The new society wasn’t very social at first, and now, 10 years on, it still wasn’t. The Gran-parents went into poverty supporting their gran-children. Their nests were suddenly full and their pockets were suddenly empty.

The childless were like landed nobility but less polite about it. Styling themselves as Lords and ladies, like the gentry in centuries past, they banded together and called themselves The Quality. They found themselves at the top of the hill like obnoxious schoolchildren. They made up Rules to make sure they stayed at the top of the hill, too.

The only thing was, there were Rules they didn’t know about. This game was a game for two, and the Visitors had the other half of the board.

The Visitors, part three

All Rooms had Doors. Or at least, this was a Rule as far as the Visitors knew. Come to think of it, if a Visitor had gotten his way into a Room without at least one Door, the others would never know about it because he’d be stuck there. It wasn’t worth thinking about. That alone could stop the Walks, and that alone could lose the battle.

Walking was the only thing they could think of that could help. It was the only tool they had in this long, strange battle against an unnamed and unseen enemy. The disappearance of so many people all at once had everybody on edge.

Rob didn’t know if this was a sign of the Second Coming he’d heard so much about. The way he was raised, there wasn’t a First Coming yet, so he was suspicious. The disappearances didn’t look like a Coming, so much as a Going, to him.

He knew he had to find Julia. She and Mickey were his best mates, and it had been too long since he’d seen either one of them. A month was like a year in this life. Each Room took something out of you that you never got back. This definitely was a job for the young.

He had to keep looking. Eventually he would find the right combination of Doors and get back to their favorite Room. It had multiple Doors, so it didn’t time out like the rest of them.

Some Rooms were more useful than others – they marked those, like hobos did with their chalk codes a century back. Safehouses, of a sort. Refuges. They were meeting spots where they could discuss strategy or just rest.

Rob could use a rest about now. It had been too long on this Walk, and he was getting a little punchy. Everything he saw made him jump more than usual these days. His guess on the boulders was right – not only did he get there just before the storm hit, but it was a Door, and a good one. It emptied into an alley he recognized. Soon he could catch his breath.

The Visitors, part two

The Door was a drainage culvert this time, Rob noted with displeasure. All the muck and leftovers from the city were here, and he was knee-deep in it. Come to think of it, the city-zens would think of him as muck too, washed away down the drain. They’d always thought of Visitors like that.

Couldn’t tell what caused what, the person became unwanted because they chose to be a Visitor, or the person became a Visitor because they were unwanted. Maybe it was a little of both.

All Rob knew was that he better get out of this culvert and fast. He could hear the rumble of a storm coming. His Gran had taught him all the prayers and blessings, including the ones for lightning and thunder. “See, nothing to be afraid of my boy! They’s something to be thankful for! You can get in your daily quota of thanks with those! Two-for-one, even! A bargain!”

He said the prayers dutifully, even thankfully, when he was a child, but he wasn’t feeling thankful right now. He needed to get out of that culvert, and quick. The storm was coming faster than he expected. He scrambled up and out to catch the lay of the land.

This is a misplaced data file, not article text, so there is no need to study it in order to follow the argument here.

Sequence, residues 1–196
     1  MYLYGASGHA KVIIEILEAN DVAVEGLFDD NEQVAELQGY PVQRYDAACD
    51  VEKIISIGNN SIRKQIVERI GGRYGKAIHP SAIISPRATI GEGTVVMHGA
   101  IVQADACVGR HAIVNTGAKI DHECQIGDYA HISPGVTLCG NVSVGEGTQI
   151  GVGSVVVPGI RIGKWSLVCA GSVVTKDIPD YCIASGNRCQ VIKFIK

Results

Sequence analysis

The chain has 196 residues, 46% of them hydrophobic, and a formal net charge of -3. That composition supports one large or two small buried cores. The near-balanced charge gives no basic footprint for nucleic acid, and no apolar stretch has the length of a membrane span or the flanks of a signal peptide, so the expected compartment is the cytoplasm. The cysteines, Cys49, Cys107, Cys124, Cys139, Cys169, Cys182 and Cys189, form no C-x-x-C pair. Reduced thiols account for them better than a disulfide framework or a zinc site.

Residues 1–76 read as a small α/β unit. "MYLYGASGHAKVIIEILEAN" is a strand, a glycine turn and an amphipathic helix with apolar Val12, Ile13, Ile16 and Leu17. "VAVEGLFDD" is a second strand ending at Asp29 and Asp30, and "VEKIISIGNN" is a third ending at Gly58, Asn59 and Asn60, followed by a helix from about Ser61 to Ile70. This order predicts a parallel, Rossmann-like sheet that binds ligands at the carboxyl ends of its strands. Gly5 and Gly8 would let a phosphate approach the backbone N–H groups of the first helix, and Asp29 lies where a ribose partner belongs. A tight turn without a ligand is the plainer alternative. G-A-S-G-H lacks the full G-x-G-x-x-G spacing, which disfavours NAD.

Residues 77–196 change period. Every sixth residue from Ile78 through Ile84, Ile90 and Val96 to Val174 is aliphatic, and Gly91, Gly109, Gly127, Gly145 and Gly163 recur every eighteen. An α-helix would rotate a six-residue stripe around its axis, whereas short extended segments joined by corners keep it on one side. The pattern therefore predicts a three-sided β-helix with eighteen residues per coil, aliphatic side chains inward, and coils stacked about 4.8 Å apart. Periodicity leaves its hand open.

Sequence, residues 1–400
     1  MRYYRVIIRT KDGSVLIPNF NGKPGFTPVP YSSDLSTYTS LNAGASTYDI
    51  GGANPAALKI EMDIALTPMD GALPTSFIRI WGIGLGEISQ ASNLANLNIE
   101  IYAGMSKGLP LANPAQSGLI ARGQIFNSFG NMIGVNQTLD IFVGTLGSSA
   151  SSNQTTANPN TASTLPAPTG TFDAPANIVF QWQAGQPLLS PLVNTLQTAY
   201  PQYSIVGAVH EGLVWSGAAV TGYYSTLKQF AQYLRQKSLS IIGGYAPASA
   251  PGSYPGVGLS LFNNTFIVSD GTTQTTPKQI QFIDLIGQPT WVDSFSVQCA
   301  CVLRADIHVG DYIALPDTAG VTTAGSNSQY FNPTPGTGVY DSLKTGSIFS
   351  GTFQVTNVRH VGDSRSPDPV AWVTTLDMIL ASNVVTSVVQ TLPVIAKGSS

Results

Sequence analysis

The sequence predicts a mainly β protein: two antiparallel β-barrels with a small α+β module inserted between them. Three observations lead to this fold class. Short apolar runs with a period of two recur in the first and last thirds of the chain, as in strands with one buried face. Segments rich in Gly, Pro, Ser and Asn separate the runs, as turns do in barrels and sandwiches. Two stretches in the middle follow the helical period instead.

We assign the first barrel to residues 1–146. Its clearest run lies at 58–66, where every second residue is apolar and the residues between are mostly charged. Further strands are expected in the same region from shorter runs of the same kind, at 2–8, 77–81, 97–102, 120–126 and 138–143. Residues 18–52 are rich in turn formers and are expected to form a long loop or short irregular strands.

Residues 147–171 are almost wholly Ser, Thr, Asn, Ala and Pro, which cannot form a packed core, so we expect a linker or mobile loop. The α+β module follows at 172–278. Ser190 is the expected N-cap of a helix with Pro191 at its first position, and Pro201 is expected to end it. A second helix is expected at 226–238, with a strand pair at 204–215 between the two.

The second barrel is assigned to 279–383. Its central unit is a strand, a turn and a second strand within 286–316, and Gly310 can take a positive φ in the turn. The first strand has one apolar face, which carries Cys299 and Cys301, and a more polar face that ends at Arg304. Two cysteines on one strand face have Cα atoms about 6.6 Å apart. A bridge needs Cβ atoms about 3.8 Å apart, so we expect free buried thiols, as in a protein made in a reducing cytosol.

His Gran wasn’t a visitor either, just like Julia’s Gran. No Gran-mothers were Visitors, because Visitors happened after they were able to choose. All the parents died suddenly over the course of about a month, a decade back, and all the children were left in the care of their Gran-mothers. The Gran-fathers were suddenly off either working to support their new families or off fighting against the new enemies. Sometimes they were just off, not able to handle the new strain of new mouths to feed.

Nobody had ever seen an enemy, none that they knew were there. There had to be an enemy. There was no other reason for all the unexplained deaths and tech failures. They all suspected the usual suspects, the nation-states who they’d grumbled with off and on for generations. Nobody fessed up though, so they were left guessing. Rob even suspected some of them killed off some of their citizens to make it look like they were hit too. They were low enough to do just that.

Right now he didn’t have time to think much about the past. His present wasn’t looking very good, and his future was downright uncertain. That thunder was getting closer. He said a prayer and looked harder. He didn’t have much to work with.

This Room was an open field, long, low, and empty of much except rocks and a few scraggly wildflowers. Not all Rooms were actual rooms. Every Visitor learned that before their first Walk. Some Rooms were entire buildings full of rooms that lead only to other rooms, not other places. It was important to be able to spot the difference. Otherwise you’d spend all day, or all your life, stuck there. He didn’t have all day, with that storm coming.

Perhaps those boulders to the right may hide a nook that he could wiggle in, that might take him out of here. If nothing else, it might just be enough to keep him dry. That alone was enough to head in that direction. Not like there were many other likely options. An abandoned well could do as a place to find a Door, but he’d rather skip the worms if he had a choice. It certainly wasn’t a place to be scouting out in a storm. Shouldering his canvas sack, he trudged on.